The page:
Third, this review explores what capacity, infrastructure and resources would be required to effectively implement and manage a loss and damage assessment mechanism in Bangladesh. The evaluation found that the Government of Bangladesh (GoB) has invested disproportionately in infrastructure relative to other human and scientific resource requirements. Furthermore, the absence of a national-level knowledge-sharing network – particularly with respect to cooperation and collaboration between government agencies – serves as a barrier to making information more accessible and improving overall assessment capacity.
Finally, this paper examines how the communication to decision-makers might be improved in order to prompt appropriate action at the policy level. It was observed that decision-makers are more likely to act when climatic risks are categorised according to probability and severity and framed in a manner that presents clear options for mitigating these risks. Furthermore, the role of assessments in policymaking can vary significantly depending on the decision-making structures that are in place and the GoB’s general approach to addressing climate change impacts. These approaches fall into two basic policymaking paradigms: the first is top-down and driven by scientific estimates and projected scenarios while the second is bottom-up and driven by vulnerability analysis and development needs. Based on Bangladesh’s current assessment capacity and the availability of requisite data, this paper recommends a bottom-up, vulnerability-centred approach to climate change management, which is most likely to enhance resilience to climate change while addressing existing development needs – leading to “no” or “low regrets” outcomes.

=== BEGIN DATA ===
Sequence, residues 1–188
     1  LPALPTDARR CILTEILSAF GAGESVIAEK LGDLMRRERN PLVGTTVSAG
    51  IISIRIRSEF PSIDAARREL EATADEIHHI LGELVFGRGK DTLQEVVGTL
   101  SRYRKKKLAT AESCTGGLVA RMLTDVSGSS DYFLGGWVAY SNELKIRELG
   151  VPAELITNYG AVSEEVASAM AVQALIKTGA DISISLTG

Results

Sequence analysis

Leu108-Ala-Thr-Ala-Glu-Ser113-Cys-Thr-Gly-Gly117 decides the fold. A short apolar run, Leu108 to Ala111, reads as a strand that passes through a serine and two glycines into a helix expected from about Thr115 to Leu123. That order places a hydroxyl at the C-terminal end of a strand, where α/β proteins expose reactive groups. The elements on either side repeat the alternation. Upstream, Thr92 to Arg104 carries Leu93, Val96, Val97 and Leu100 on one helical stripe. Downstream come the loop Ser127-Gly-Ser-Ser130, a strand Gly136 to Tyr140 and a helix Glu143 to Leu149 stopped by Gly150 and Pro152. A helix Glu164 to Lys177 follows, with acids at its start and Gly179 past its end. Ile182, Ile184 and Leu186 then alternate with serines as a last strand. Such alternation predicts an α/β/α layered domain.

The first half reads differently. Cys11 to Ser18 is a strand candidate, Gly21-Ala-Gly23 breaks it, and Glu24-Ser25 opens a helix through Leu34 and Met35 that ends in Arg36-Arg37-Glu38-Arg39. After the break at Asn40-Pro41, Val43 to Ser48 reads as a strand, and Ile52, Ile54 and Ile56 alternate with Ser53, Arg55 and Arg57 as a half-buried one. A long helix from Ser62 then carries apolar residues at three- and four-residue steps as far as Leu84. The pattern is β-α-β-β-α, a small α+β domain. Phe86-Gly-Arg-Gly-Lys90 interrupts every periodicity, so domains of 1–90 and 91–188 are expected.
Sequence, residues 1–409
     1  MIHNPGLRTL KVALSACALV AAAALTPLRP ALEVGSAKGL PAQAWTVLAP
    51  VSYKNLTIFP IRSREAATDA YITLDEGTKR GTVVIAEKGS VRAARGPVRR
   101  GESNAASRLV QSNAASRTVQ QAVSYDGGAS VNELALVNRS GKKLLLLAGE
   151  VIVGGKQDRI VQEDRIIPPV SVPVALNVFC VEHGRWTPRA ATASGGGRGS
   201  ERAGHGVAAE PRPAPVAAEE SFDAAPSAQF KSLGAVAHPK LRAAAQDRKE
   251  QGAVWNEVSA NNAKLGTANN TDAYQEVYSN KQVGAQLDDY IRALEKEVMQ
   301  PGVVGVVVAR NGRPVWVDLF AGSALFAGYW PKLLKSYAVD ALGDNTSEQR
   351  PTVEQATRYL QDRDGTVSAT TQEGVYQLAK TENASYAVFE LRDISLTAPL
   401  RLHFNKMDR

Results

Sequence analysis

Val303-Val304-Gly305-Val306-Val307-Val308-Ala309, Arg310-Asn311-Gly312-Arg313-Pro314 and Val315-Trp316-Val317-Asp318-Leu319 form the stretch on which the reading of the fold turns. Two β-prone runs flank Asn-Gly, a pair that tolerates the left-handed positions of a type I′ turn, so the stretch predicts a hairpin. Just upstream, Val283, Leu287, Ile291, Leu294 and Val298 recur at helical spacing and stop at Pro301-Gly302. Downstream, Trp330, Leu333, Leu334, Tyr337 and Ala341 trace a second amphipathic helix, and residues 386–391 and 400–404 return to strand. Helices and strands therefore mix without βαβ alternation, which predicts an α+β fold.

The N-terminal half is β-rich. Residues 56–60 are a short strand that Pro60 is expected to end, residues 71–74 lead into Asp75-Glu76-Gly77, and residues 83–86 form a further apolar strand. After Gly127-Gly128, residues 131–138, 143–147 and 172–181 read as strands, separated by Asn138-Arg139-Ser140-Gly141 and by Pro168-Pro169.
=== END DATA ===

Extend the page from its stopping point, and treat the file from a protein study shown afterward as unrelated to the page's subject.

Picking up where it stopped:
Evaluating loss and damage is a complex and multifaceted task. Determining how existing methodologies for assessing climate change- and disaster-related risk can be used to develop a comprehensive estimate of tangible and intangible loss and damage is a process that has only just begun. Determining how assessment mechanisms can be adapted to the unique characteristics and circumstances of vulnerable developing countries is another challenge that will need to be addressed as this process moves forward. In the national context of Bangladesh, there are human, material and informational resources that can be leveraged to develop a better understanding of those climate change impacts that are “beyond adaptation”. Increasing investment in capacity building and scientific infrastructure as well as developing more collaborative practices and institutions will likely improve this understanding substantially. Over time, and with better knowledge of the challenges that will emerge as the impacts of climate change become increasingly severe, Bangladesh and other vulnerable countries can work together to develop solutions based on their shared experience.